We’ve all felt it—the nervousness, stress, and worry that come with anxiety. Anxiety, after all, is a normal and expected human emotion. In fact, it has become instinctual for us to avoid things that make us feel unsafe or uncomfortable.
Evolutionarily, this instinct has protected us from danger and harm. But for some of us, anxiety becomes more than a warning signal of danger or a side effect of a worrisome situation. When anxiety becomes debilitating, unbearable, and begins to affect the way we live our day to day life, it has shifted from a normal human emotion to a mental health disorder. Anxiety disorders are very common and can take many forms, including generalized anxiety disorder, social anxiety, panic, phobias, PTSD, and obsessive-compulsive disorder.
For those of us with anxiety disorders, the instinctual desire to avoid what we perceive as the source of the anxiety creeps into our daily lives, preventing us from doing or participating in things that we know we should or even want to do.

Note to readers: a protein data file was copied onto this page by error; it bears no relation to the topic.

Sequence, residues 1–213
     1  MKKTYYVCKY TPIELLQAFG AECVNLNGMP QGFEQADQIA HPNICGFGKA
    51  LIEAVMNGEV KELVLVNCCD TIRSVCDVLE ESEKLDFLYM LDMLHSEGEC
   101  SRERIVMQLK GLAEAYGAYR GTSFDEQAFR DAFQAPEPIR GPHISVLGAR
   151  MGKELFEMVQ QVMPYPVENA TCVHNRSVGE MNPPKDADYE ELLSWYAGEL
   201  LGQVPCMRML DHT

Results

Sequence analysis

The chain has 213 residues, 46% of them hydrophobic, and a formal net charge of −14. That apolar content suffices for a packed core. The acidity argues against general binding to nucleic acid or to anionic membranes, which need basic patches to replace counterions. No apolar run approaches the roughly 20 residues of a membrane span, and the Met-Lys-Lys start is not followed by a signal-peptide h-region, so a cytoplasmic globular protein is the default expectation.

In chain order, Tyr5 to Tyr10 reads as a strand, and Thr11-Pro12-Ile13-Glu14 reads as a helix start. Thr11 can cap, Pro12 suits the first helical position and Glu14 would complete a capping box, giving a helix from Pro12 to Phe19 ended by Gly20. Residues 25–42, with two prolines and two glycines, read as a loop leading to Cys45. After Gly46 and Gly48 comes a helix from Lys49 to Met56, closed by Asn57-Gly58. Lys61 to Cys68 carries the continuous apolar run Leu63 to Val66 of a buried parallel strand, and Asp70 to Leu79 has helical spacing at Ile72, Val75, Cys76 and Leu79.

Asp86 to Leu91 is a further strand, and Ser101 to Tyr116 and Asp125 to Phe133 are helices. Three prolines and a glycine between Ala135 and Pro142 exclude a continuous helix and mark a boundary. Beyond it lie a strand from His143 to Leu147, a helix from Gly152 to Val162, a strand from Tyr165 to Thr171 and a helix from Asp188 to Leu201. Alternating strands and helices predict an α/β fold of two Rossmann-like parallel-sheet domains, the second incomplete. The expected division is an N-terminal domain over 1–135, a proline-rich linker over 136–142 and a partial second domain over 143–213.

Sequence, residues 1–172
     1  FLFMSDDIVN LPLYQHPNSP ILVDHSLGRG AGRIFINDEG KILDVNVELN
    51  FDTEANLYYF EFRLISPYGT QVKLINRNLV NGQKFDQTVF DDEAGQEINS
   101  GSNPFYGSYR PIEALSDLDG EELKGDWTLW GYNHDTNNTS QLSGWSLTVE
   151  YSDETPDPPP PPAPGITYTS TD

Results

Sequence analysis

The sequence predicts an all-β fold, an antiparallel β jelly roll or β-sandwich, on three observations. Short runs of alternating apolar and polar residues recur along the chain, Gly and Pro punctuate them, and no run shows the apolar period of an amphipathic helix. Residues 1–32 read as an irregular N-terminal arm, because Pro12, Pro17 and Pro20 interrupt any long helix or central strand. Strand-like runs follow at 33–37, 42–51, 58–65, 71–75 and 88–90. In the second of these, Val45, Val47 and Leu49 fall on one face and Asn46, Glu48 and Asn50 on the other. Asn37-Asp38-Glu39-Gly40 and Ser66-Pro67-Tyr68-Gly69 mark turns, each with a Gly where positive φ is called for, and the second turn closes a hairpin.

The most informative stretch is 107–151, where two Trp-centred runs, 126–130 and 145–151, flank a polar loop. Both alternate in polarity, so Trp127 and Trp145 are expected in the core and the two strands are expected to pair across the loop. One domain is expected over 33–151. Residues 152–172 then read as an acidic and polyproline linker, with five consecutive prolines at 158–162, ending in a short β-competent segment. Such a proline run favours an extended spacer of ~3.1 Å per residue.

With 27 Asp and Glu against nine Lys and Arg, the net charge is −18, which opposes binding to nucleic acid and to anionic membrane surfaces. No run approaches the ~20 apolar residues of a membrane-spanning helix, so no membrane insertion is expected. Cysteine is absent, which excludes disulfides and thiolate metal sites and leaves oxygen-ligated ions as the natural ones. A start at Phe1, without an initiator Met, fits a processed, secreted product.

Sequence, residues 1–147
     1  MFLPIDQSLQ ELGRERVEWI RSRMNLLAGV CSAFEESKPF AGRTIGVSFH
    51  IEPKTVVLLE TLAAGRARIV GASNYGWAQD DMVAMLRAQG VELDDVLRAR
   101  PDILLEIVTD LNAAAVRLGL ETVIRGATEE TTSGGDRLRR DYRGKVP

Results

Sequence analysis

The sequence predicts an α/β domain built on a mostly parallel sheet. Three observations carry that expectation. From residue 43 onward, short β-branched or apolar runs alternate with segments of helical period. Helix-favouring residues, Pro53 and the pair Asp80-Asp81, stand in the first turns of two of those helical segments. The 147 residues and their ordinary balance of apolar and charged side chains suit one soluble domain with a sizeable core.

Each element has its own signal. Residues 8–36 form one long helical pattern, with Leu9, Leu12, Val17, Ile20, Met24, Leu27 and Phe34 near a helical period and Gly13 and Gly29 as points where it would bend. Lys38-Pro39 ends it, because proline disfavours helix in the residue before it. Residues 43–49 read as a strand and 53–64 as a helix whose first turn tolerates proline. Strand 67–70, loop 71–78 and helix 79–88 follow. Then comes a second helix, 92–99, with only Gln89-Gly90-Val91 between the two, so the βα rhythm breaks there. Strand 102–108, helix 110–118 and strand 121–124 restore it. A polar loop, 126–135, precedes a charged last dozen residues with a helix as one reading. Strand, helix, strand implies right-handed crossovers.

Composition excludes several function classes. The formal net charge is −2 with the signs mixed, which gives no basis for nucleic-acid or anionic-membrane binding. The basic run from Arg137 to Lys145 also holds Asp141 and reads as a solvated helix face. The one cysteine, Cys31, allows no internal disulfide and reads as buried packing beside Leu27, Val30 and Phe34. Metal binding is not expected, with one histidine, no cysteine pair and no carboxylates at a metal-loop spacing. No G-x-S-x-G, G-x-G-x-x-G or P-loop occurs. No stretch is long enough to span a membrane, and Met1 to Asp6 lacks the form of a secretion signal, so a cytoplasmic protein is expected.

Going to church and participating in our classes and callings are some of the activities that can get sacrificed on the altar of anxiety. Many times, people set up “church” as the cause of the anxiety, and frankly, it isn’t too hard to jump to this conclusion. For one, church requires us to be out in public with other people. For those with social anxiety, the interaction with others and having to be seen might be intensely uncomfortable. Class participation and discussion can cause further stress and worry—will we say the right thing, give the correct answer, and not offend or be offended?
Avoiding church won't help your anxiety.
For those with scrupulosity (a form of obsessive-compulsive disorder that centers around being moral or religious “enough” and often creates the fear that we have sinned or not repented properly) church can be torture. We hear talks or lessons telling us to do more, be more, and endure to the end. But when our brain is fighting against us, telling us that we are not ever going to be able to be righteous or good enough, hearing these messages from the pulpit further exacerbates the problem, reinforcing the whispers of our mental illness.
The problem is that mental health and spiritual health can feel so similar that sometimes we interchange them, thinking one equals the other. When we feel like it is easier to avoid church than deal with the potential panic attacks, feelings of unworthiness, and anxiety that comes with social interactions, we feel like we are faltering in our righteousness. We think, “If we don’t want to go to church, what does that mean about my spirituality?”